Project description:Setaria (L.) P. Beauv is a genus of grasses that belongs to the Poaceae (grass) family, subfamily Panicoideae. Two members of the Setaria genus, Setaria italica (foxtail millet) and S. viridis (green foxtail), have been studied extensively over the past few years as model species for C4-photosynthesis and to facilitate genome studies in complex Panicoid bioenergy grasses. We exploited the available genetic and genomic resources for S. italica and its wild progenitor, S. viridis, to study the genetic basis of seed shattering. Reduced shattering is a key trait that underwent positive selection during domestication. Phenotyping of F2:3 and recombinant inbred line (RIL) populations generated from a cross between S. italica accession B100 and S. viridis accession A10 identified the presence of additive main effect quantitative trait loci (QTL) on chromosomes V and IX. As expected, enhanced seed shattering was contributed by the wild S. viridis. Comparative analyses pinpointed Sh1 and qSH1, two shattering genes previously identified in sorghum and rice, as potentially underlying the QTL on Setaria chromosomes IX and V, respectively. The Sh1 allele in S. italica was shown to carry a PIF/Harbinger MITE in exon 2, which gave rise to an alternatively spliced transcript that lacked exon 2. This MITE was universally present in S. italica accessions around the world and absent from the S. viridis germplasm tested, strongly suggesting a single origin of foxtail millet domestication. The qSH1 gene carried two MITEs in the 5'UTR. Presence of one or both MITEs was strongly associated with cultivated germplasm. If the MITE insertion(s) in qSH1 played a role in reducing shattering in S. italica accessions, selection for the variants likely occurred after the domestication of foxtail millet.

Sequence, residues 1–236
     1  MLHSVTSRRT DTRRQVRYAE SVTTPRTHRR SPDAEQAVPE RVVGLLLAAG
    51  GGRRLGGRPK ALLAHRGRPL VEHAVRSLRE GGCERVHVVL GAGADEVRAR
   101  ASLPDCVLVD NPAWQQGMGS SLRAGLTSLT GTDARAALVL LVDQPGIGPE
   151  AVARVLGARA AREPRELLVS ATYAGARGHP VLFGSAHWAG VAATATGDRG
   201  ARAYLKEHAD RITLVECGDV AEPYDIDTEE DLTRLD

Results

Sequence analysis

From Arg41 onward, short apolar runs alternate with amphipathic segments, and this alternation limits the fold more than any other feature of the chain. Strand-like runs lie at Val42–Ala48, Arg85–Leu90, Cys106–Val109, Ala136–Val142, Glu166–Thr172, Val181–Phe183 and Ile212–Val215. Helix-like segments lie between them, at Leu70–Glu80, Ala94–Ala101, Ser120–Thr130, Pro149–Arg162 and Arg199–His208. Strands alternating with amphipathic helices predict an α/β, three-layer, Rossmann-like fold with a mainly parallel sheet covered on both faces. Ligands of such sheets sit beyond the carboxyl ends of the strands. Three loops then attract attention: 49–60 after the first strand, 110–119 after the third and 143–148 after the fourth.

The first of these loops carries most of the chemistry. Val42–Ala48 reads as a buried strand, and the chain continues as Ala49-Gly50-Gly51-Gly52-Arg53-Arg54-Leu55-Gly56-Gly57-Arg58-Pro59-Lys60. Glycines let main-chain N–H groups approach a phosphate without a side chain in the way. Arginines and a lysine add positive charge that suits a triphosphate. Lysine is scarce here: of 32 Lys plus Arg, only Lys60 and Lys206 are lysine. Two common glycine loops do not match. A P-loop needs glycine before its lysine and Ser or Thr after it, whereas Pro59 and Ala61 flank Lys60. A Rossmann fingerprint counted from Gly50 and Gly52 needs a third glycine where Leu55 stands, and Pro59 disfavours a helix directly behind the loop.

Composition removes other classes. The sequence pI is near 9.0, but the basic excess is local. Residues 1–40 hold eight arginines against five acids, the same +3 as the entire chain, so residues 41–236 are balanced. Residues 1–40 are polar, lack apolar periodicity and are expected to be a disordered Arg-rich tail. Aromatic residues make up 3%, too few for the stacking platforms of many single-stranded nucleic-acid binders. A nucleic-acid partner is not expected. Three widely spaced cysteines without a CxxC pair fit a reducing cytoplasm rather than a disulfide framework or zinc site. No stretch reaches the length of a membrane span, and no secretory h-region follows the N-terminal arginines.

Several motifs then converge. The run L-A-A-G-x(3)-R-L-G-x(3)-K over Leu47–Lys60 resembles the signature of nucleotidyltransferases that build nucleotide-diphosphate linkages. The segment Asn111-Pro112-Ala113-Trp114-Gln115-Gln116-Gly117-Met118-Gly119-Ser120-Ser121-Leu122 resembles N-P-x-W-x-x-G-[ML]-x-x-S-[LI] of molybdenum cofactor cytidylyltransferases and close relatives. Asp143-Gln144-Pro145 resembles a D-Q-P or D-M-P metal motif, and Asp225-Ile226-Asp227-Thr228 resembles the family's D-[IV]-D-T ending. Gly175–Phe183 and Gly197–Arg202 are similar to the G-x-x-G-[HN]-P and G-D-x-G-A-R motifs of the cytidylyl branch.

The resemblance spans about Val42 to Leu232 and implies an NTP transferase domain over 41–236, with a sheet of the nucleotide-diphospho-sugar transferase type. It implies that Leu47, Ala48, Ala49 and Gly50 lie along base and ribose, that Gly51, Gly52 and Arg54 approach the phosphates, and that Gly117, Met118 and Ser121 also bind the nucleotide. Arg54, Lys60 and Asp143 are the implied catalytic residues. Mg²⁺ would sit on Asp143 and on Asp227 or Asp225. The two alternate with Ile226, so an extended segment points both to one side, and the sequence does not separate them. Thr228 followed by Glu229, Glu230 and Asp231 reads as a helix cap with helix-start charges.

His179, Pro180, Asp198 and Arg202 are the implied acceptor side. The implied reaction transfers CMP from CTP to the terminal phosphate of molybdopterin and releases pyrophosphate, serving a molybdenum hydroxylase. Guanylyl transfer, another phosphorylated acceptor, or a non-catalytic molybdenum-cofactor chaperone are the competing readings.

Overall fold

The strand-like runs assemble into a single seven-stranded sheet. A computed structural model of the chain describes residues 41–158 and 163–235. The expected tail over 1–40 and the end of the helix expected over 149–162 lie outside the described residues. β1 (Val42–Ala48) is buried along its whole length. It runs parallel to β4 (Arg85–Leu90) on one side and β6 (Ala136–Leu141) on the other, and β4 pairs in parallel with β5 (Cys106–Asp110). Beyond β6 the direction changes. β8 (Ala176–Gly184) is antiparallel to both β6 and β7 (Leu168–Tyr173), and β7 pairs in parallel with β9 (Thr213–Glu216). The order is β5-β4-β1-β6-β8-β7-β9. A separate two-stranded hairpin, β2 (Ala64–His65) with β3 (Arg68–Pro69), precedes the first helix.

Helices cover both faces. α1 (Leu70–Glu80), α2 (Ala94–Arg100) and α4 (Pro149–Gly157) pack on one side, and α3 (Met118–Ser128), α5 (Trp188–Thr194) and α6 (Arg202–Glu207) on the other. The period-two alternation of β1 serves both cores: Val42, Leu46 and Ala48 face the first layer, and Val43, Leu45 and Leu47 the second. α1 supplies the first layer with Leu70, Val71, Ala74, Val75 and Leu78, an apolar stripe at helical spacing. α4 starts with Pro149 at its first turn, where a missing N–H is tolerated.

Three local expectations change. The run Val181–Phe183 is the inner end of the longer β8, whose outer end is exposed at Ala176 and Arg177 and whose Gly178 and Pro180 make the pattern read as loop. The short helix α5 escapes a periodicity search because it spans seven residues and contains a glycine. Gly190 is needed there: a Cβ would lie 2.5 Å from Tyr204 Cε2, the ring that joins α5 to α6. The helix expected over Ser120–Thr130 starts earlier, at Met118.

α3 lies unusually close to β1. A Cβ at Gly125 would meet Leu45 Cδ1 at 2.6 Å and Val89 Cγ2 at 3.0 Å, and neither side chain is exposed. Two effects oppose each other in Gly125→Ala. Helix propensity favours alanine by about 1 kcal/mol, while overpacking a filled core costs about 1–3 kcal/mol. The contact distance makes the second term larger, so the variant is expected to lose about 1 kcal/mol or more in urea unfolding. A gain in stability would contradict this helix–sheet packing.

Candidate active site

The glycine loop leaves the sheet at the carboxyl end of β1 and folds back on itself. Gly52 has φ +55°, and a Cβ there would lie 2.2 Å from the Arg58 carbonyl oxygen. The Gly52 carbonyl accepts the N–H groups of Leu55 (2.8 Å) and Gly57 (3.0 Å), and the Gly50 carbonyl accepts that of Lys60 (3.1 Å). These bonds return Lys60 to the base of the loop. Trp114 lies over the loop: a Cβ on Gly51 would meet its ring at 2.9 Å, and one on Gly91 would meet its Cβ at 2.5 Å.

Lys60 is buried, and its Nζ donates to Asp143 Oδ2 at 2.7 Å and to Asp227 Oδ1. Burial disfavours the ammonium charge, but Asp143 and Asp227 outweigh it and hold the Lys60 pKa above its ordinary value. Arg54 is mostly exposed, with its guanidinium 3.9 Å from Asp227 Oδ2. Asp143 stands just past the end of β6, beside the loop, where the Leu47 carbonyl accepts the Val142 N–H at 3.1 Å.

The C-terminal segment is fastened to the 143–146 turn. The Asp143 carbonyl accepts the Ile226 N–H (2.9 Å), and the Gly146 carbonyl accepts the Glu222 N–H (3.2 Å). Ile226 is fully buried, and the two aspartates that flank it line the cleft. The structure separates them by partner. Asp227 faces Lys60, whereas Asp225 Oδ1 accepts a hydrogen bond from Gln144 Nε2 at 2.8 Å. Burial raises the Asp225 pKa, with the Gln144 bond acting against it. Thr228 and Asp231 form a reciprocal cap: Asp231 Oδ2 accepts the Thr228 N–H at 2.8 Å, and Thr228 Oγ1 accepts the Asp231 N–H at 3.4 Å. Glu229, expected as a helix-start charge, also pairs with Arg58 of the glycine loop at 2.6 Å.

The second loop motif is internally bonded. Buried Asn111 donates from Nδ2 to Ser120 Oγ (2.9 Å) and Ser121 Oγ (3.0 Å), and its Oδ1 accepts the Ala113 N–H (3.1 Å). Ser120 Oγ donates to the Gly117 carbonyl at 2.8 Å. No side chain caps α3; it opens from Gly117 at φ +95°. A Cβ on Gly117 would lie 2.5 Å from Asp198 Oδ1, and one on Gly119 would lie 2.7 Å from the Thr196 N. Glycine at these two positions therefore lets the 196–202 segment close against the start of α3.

Project description:Foxtail millet is one of the world's oldest cultivated crops. It has been adopted as a model organism for providing a deeper understanding of plant biology. In this study, 45 simple sequence repeats (SSR) markers of Setaria italica were developed. These markers showing polymorphism were screened in 223 samples from 12 foxtail millet populations around Taiwan. The most common dinucleotide and trinucleotide repeat motifs are AC/TG (84.21%) and CAT (46.15%). The average number of alleles (N(a)), the average heterozygosities observed (H(o)) and expected (H(e)) are 3.73, 0.714, 0.587, respectively. In addition, 24 SSR markers had shown transferability to six related Poaceae species. These new markers provide tools for examining genetic relatedness among foxtail millet populations and other related species. It is suitable for germplasm management and protection in Poaceae.